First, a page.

But maybe that’s just me.

“Tuesday is Soylent Green Day!”

The 1973 film Soylent Green is set in 2022. Find out why they may have predicted the future so accurately.

And 2022 is also Soylent Green year, at least according to the movie Soylent Green. I had wanted to find a number of films, TV shows, or science fiction novels set in 2022, but this was pretty much the only one. Well, the only good one that you might be likely able to find streaming.

I didn’t include any films that were in production after 2019 but somehow set in 2022, because those don’t really count — no one knew when they were finally going to come out, after all. But that’s okay, because Soylent Green had enough of an impact on the zeitgeist of the time (it was released in 1973) that a lot of people still know its most famous line, which I won’t repeat here, and the story still holds up as relevant to today because we’re still facing a lot of the same issues.

Funny how that happens, isn’t it?

The film itself is based on Harry Harrison’s 1966 science fiction novel Make Room! Make Room!, which establishes the major themes and ideas that we see in the movie, although it’s set earlier in the film, in 1999. This allows Harrison to be even more off in his predictions of the future, at least in the specifics, but the general trajectory was correct.

In his novel, the world population has reached 7 billion people, something that wouldn’t happen in reality until October 31, 2011. In 1999, it had only just passed 6 billion.

Still, the idea was that the people were consuming the planet’s resources faster than they could be replenished, and if something wasn’t done, there would be a Malthusian catastrophe. Neither the book nor the movie deal too much with climate change, although the world of Soylent Green does seem to be perpetually too hot — and that’s in New York City, although we don’t know the season.

Watching the movie now, a lot of things will look disturbingly familiar, including washes, underpasses, and the like having been turned into vast homeless camps, although in this dystopian vision, that’s extended even further, so that even the steps to our hero’s brownstone walk-up have become sleeping space for more homeless people — and our hero is a cop (Charlton Heston).

The one other big thing that resonates with now is that there are a lot of very, very poor people, and very few rich ones — and those few rich people live in luxury that no one else can imagine — high-rise luxury apartments with incredible views, deluxe amenities, heavily armed security and bodyguards, and access to food — like real steak, strawberry jam ($150 for a tiny jar on the black market), and “furniture,” which actually refers to people who come with the apartments and are pretty much sex slaves to the owners.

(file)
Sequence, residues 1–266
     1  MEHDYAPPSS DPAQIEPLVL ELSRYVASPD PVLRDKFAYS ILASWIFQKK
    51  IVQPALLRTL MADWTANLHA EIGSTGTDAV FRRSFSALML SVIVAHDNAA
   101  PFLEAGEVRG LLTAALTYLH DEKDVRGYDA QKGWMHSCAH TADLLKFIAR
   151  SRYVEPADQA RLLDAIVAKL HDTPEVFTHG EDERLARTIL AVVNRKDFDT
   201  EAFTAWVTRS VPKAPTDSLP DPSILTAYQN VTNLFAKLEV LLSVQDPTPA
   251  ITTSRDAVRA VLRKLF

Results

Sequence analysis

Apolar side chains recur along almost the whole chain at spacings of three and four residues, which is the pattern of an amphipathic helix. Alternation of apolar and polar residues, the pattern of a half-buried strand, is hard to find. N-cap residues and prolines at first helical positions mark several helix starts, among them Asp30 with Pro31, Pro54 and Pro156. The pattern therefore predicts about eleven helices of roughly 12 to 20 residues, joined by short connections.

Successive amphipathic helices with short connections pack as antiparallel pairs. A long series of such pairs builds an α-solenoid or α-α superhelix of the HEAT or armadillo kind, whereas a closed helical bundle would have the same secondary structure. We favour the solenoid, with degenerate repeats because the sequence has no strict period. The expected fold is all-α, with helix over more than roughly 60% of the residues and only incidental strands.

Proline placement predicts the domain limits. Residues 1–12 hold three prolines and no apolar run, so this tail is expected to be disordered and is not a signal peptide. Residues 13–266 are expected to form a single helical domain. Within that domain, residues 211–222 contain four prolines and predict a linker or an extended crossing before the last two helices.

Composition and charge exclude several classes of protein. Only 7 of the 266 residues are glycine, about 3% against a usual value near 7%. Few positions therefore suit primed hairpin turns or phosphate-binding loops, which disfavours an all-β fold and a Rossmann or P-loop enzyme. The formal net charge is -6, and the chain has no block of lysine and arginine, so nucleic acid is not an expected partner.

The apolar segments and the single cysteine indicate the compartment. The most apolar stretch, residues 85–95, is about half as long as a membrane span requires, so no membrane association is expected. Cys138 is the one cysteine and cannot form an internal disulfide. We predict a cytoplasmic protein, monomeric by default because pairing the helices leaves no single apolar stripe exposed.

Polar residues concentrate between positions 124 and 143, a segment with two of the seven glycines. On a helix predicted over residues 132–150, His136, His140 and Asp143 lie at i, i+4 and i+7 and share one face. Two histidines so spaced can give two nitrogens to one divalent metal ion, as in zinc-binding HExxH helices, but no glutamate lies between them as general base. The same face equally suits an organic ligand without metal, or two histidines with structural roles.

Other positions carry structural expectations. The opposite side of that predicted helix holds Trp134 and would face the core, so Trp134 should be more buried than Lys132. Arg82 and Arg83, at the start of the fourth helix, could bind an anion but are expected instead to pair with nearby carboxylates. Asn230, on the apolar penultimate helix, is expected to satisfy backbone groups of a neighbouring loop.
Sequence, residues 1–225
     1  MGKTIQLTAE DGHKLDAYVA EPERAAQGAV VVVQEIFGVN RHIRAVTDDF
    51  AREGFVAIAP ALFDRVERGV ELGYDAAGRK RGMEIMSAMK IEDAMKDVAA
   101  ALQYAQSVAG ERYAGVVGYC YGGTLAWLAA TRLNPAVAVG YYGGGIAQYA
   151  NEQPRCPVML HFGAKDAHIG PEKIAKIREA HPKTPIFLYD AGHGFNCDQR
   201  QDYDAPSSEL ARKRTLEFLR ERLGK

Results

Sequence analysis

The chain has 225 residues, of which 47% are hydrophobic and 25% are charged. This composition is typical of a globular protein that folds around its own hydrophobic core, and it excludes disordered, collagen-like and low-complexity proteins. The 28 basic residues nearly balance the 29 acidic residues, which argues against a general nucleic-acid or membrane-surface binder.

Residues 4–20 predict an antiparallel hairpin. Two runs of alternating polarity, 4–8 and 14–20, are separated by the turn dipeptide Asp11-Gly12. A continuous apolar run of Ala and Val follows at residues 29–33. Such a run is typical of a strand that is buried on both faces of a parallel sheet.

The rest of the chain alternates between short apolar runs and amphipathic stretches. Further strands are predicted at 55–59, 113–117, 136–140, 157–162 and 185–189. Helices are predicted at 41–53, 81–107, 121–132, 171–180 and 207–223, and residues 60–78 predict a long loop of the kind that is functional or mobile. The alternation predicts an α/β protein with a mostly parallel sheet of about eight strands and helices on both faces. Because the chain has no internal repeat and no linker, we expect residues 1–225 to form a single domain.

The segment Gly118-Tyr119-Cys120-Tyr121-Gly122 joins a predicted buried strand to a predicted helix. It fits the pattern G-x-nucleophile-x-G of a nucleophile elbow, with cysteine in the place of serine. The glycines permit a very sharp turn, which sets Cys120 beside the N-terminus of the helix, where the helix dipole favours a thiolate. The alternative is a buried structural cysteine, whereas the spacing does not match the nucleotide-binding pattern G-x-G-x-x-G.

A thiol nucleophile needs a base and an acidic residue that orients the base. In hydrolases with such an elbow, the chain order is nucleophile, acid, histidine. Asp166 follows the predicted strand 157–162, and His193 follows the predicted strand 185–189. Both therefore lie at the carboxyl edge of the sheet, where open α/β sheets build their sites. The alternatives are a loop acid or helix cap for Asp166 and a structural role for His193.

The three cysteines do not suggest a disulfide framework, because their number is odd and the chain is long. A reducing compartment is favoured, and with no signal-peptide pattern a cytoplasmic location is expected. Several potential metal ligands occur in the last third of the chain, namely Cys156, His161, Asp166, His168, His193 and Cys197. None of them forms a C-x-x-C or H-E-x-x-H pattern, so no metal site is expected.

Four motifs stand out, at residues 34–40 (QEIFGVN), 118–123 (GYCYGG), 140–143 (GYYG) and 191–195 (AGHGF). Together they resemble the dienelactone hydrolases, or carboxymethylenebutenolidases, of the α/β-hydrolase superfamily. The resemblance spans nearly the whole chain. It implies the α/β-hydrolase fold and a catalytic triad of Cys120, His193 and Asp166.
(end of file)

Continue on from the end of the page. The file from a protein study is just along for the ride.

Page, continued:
Although the only two pieces of “furniture” we see in this really cringey hangover from the 1970s are women, one can only imagine what the full range of the catalog was, considering that the people ordering it could afford what they wanted as well as avoid any criminal issues arising from it.

Incidentally, a lot of thses super-rich also happen to be executives with Soylent, the company that makes the plant-based, processed food that’s pretty much all that’s left. You know. Fill a monopoly, make it scarce, then make everyone dependent on it.

Yeah, not that much different than now.

The film is worth checking out as a precautionary tale that draws closer to reality every day, and despite the obviously dated design — which actually works in the film’s favor, because they didn’t try to go too far out with “futurizing” it — it’s quite watchable and holds up. Heston and his roommate/police partner Sol (Edward G. Robinson) are the center of a piece with an all-star cast, and the opening montage alone takes us through about two hundred years (relative to 2022) of American history and its effect on the landscape, resources and atmosphere, entirely in still pictures.

Check it out of it can.

A year-end victory

Through perseverance, I finally got my state to fix an error and cancel what they were trying to bill me in error.

The way we pay income taxes in the United States is, to see the least, very weird. For one thing, our Federal Tax Code is very complicated — although contrary to the myth that one very anti-tax group tried to start, it is not 70,000 pages long. Not even close.

The current tax code is about 2,600 pages long — maybe — although no one really knows for sure. It is part of the much larger Federal Code, which covers Federal Law in the U.S., which is a huge subject.

Once a year, the average wage-earner is expected to understand the ins-and-outs of that tax code, file some forms with the Internal Revenue Service, figure out whether they owe money or should receive a refund, then send it all off, fingers crossed.

This is called “filing a return,” and that’s just the Federal part. If you don’t live in one of 9 states that does not have state income taxes, then you have to file those, too. These are different forms, they go to a different taxing entity — in California, it’s the Franchise Tax Board — and there are subtle differences between what is and isn’t taxable income between the two.